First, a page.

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The Christian Armonr. Ten Sermons. By the Rev. Samuel Walker, B.A. of Truro, Coruwall. London: Religious Tract Society. 12mo.

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Heat ; its sources, influence, and results. London : Religious Tract Society. 12mo.

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The Church and the Army. Second Edition. London: Religious Tract Society. 12mo.

The Mother with her Family; being Scriptural Exercises and Prayers for Children every Sunday Evening. By the Rev. T. Timpson. London : John Snow. 12mo.

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What have I to do with Missions ? Exhibiting the Miseries and Degradations of Heathen Nations. By the Rev. T. Timpson. London: J. Snow. 12mo.

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Calvin's Commentary on the Epistle to the Hebrews. Translated from the Latin, by a Beneficed Clergyman of the Church of England. London: S. Cornish & Co.

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A Practical Exposition of the Lord's Prayer. By the Rev. Thomas Manton, D.D. Reprinted from the Edition of 1684, being No. 30 of the Library of Standard Divinity. London: Ward & Co. Medium 8vo.





The extended efficiency of the Home Missionary Society, is closely connected with the confidence and co-operation of the Congregational churches. But while individual churches may do much in aiding the funds, and in suggesting new spheres of operation, it is to the systematic superintendence and prudent counsel, which the committees and officers of associations give to the missionaries on their several stations, that much of the comfort and usefulness of the agents will depend. On the reports of county secretaries, great reliance must necessarily be placed by the directors of the Society. They are better informed respecting the localities, and the peculiar character of each station. They can more easily become acquainted with the adaptation of the agents to the spheres they occupy. They can draw forth the sympathies of the churches and pastors around, in favour of the missionaries; and lead them to feel that they are in the midst of brethren, ready to co-operate with them in spreading the Gospel.

Hence the directors have been anxious to secure as intimate a connexion as possible, with the county associations. They have not directly addressed them on this subject; nor have they urged them to join the Society. They considered that all the Congregational churches were aware, that it was hoped this would be the result of the union that had taken place; and would seek to render it productive of that good to England, which the consistent friends of Congregational principles so earnestly desired. The hopes and wishes of the directors have, to a considerable extent, been realised. A more intimate connexion than had existed before has taken place during the past year between the Society and the associations in the counties of Northampton, Nottingham, Leicester, Wilts, Gloucester, Bucks, Oxford, West Berks, and others. The principle of giving and receiving has begun to be acted upon. The exercise of a kind and watchful local superintendence, and of active co-operation, has commenced—while the promise of more extended efforts has encouraged the directors to expect still more beneficial results, both to the counties themselves, and to England at large.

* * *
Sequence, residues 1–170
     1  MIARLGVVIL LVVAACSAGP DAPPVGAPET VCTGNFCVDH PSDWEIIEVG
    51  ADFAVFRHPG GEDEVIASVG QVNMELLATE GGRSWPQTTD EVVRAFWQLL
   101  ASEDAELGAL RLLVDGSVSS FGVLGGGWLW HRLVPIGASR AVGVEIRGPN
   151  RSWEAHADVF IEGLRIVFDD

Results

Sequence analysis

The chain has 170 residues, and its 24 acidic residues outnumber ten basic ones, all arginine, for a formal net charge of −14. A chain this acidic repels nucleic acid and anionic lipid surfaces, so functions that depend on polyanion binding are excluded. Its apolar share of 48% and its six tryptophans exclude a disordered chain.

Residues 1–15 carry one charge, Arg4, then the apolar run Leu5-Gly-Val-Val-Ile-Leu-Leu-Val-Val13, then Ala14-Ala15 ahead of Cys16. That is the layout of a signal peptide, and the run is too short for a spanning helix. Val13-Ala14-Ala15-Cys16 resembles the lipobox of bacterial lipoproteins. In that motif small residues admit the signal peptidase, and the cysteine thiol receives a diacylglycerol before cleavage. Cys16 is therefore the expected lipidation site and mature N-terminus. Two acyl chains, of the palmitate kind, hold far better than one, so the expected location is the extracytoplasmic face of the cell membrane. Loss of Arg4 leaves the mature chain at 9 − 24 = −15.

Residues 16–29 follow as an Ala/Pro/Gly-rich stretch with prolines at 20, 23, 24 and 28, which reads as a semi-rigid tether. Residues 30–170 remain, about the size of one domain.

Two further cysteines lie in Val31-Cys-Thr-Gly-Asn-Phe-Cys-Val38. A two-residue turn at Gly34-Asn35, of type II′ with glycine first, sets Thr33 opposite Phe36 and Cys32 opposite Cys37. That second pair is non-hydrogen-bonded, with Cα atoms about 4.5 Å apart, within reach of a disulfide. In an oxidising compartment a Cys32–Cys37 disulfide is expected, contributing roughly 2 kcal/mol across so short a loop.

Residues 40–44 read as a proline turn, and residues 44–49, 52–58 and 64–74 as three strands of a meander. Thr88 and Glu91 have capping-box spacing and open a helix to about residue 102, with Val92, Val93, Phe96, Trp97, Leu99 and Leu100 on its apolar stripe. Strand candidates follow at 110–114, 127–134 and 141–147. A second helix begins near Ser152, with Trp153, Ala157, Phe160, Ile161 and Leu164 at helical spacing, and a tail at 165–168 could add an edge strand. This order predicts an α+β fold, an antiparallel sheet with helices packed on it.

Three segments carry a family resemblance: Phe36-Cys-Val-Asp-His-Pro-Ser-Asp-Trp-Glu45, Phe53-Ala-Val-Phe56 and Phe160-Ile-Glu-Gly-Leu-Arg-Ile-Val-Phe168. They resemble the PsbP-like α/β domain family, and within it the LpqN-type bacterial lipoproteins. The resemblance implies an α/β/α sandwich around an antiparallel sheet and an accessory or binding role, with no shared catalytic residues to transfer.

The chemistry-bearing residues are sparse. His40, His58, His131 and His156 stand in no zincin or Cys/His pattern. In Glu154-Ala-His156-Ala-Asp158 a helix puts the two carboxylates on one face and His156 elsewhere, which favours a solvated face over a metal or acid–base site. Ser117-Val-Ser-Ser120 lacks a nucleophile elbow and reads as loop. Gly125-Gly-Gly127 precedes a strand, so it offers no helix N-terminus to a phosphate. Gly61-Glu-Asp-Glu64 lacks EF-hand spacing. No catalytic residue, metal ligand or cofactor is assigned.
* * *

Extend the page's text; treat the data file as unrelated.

But there are other counties, in which the associations have not connected themselves in any way with the Home Missionary Society. In such cases, even though the Society should have missionary stations in several of those counties, it would be unreasonable for the directors to expect that the same interest should be taken in them, or care exercised towards them, as in those counties where the churches contribute largely to support the stations around them, and consider them as much their own, as the Society in London can do.

The question has been again and again asked, What is the nature of the connexion between the Society and the county associations ? It was asked at the meeting of the Congregational Union, and no better time can be fixed upon than the present, for replying to such an inquiry.

As the connexion between the Society and different county associations is of a varied character, it may be desirable to refer to the causes of this variety.

1. In several counties, such as the East and North Riding of Yorkshire, South Devon, Warwickshire, and others, the associated churches form auxiliaries to the Home Missionary Society, and provide a certain sum, for every missionary station adopted by the Society.

The connexion thus formed between the parent Society and their auxiliaries, is therefore of the most intimate kind. No station is occupied in those counties, with

out consultation with the committees or officers of the auxiliaries, and in compliance with requests sent from them. The counties referred to are, in fact, the allotted fields of labour to those auxiliaries, and the directors find that the correspondence between the co-operating parties elicits the wants of the population, and secures aid, as far as it can be given in consistency with claims from other quarters. A station is adopted when a missionary is needed, and the directors send one, if able to do so, and he goes on probation. If there is a Christian church on the station, the people are consulted, and their choice settles the matter as to his continuance among them. If the auxiliary has a suitable person in view, and can send satisfactory testimonials to the directors, he is appointed for that station, but it is not considered eligible for any of the Society's stations out of that county, unless he passes their own examination committee. The auxiliary also sends its Annual Report to the directors, and the whole, or the substance of it, is published either in the Magazine or in the Annual Report of the Society.